Undistracted by the glory and acclaim of the high profile sale, introverts remain focused on your customers’ needs, actively listening and building meaningful relationships. While extroverts excel at generating interest and drumming up new business with their flamboyant, enthusiastic and confident personas, introverts are much better placed to nurture your existing customer base.
This point was well demonstrated during a recent visit to a local DIY store. Sourcing materials to build a lightweight, but sturdy human picture frame; I sought help from an assistant working quietly on re-stacking shelves but who instinctively turned and met my eye as I approached. I spoke enthusiastically about my project and he readily engaged, asking questions to determine my exact requirements as he led me around the store.
Having gathered all the necessary materials the assistant kindly offered to cut and angel the lengths of wood for me. As he worked on the task I began laying the wood out in position on the floor attracting the attention of a number of other customers and three other sales assistants. A buzz soon generated around me and my unusual project. Keen to get involved, another sales assistant recommended using the high tech cutting saw at the other end of the store. There was a great energy as the as the wood was cut and when it was done, the sales assistants wished me the best of luck with my project.
However, as I progressed to the check-out I realised that the sales assistant who had originally helped me, had slipped away; scanning the store I observed him quietly helping an elderly couple in the tiling area.
As I left the store I couldn’t help but reflect on how we often identify the best sales people as those that make the most noise, make their presence known and close the sale at any cost. If this is what we value, it is no accident that we actively recruit extroverts into sales positions.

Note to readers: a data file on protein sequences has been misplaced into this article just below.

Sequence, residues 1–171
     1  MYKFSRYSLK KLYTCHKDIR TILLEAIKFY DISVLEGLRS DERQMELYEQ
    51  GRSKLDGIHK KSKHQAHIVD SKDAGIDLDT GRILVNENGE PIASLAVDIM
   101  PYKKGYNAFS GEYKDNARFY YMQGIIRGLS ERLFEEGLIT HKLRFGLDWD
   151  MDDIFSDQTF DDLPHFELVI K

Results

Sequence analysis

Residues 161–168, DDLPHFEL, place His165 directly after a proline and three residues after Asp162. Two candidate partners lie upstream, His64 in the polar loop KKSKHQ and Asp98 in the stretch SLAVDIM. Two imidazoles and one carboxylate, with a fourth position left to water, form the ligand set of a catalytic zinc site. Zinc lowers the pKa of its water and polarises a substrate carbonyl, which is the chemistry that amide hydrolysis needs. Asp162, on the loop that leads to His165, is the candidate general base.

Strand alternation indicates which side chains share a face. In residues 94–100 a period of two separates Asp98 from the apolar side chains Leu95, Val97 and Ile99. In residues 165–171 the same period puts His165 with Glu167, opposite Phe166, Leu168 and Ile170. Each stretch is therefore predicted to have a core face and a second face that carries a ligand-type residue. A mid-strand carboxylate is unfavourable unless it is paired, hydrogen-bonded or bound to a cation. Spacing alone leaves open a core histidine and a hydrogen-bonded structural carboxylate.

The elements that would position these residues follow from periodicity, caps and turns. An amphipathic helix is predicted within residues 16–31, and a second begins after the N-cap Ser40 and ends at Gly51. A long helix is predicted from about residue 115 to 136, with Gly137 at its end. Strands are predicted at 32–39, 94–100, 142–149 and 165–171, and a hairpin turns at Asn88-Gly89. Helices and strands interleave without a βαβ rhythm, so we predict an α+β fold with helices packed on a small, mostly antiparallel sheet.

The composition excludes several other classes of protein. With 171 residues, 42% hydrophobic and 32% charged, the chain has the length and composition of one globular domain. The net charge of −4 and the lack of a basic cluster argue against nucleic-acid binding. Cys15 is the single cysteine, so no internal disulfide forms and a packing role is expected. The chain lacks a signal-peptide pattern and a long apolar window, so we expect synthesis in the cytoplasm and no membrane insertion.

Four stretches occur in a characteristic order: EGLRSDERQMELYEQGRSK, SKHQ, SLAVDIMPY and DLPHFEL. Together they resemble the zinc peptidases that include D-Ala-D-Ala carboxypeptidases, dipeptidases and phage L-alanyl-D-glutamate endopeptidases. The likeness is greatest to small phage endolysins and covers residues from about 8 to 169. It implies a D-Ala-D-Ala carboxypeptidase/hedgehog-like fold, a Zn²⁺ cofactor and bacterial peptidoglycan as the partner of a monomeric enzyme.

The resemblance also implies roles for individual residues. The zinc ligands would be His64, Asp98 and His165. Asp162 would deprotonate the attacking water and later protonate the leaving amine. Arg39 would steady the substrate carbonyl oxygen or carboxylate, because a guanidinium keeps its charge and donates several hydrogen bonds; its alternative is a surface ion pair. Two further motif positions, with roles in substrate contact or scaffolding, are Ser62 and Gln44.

However, I challenge you consider from your customers’ perspective what makes an effective sales assistant. You should not be surprised to learn that they value dealing with staff who:
1. Are approachable and make themselves available no matter how small or great their particular need is.
2. Are happy to listen to their needs and build trusting relationships.
3. Understand their requirements and don’t push unnecessary products on them.
4. Show patience and retain interest even when they are indecisive or unclear of their needs.
5. Go the extra mile to make life easier by offering an additional service or assistance.
These qualities are often more synonymous with the introverted end of the continuum. Introverts interact more easily on a one to one basis, build trust easily and are not easily distracted from their focus. Not driven by egotism, they will be the first to recognise a customer in need of assistance while their extroverted colleagues bustle around distracted by their own propaganda.